“Find yourself a girl, Neil, and let me look after the wedding-breakfast. Let me be matron of honor.” Mary’s smile was wiped suddenly from her face when Carolyn said archly:
“Oh, my dear, tact, please! Not you, dear! I! The bride is always jealous of the groom’s—oh, dear, what was I going to say? The groom’s—”
“Friends,” said Mary.
“Well—” Carolyn’s little laugh was two-edged. It seemed to concede to convention, without yielding up any of its secret knowledge. After a quick glance round, Carolyn attempted belated casualness. “It takes the happily-married to want to draw everybody in.” She smiled at Paul, but his frown lingered. Neil was seemingly studying the name on his cigarette. Mary rose and asked Carolyn to play for them.
Carolyn beckoned Paul to her side, made room for him on the piano-bench. “Why so solemn?” she asked, under cover of the melody she was playing.
He did not sit beside her, but stood watching Neil and Mary who stood talking together at the other end of the room. “Am I solemn?” he asked absently.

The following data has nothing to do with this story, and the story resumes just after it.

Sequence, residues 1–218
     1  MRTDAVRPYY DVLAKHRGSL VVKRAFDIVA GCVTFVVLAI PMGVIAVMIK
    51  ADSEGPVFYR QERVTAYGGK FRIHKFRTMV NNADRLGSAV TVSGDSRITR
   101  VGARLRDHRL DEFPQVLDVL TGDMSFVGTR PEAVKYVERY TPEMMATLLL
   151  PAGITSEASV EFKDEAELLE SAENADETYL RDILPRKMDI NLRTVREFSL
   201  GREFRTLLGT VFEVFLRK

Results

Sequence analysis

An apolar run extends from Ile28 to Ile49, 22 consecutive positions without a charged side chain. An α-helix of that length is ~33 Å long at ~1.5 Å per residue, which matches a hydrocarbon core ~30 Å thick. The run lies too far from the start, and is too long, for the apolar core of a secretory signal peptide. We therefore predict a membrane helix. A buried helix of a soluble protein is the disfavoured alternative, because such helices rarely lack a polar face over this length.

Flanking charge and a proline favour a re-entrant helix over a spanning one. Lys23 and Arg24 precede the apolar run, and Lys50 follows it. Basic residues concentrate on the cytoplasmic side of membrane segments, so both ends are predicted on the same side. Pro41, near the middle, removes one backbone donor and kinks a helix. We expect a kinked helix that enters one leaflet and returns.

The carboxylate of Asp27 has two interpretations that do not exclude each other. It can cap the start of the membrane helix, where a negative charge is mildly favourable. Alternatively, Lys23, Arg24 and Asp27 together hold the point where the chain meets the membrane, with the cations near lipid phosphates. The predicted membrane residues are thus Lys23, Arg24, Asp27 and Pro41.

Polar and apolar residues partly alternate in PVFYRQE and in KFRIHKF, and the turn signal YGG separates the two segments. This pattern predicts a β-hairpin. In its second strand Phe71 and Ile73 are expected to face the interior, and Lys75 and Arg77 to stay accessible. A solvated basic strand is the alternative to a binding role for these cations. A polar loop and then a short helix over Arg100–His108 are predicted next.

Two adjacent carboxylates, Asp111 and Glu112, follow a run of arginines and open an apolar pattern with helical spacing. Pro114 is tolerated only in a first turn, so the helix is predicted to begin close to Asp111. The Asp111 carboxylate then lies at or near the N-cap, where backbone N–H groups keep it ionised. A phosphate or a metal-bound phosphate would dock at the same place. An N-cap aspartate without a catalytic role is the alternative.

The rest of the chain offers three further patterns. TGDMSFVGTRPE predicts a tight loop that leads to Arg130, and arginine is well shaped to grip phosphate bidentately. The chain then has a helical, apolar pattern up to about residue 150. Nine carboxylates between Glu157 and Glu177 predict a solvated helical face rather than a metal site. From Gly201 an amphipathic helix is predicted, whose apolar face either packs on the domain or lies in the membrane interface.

“An owl, darling! Upset about something?”
“Not at all.”
“That was an idiotic thing for me to say just now.”
“Was it?” Interested now. “Then why say it?”
“Why have such an impulse?”
She played on a moment, her graceful head bent over the keys. When she finally looked up, he had left her side and walked to the window. Carolyn glanced over her shoulder and saw that Neil and Mary were not in the room.
“Where are the others?” she asked.
“In the garden. Wait. Mary is signaling.”
He unlatched the French window. Carolyn could hear Mary’s clear voice. “Leave the window open, Paul, the music’s lovely from out here!”
Carolyn’s hands wandered over the keys, seeking a melody which seemed elusive. She was talking, her head backward thrown, for Paul’s benefit. “Paul, dear —cross with me?”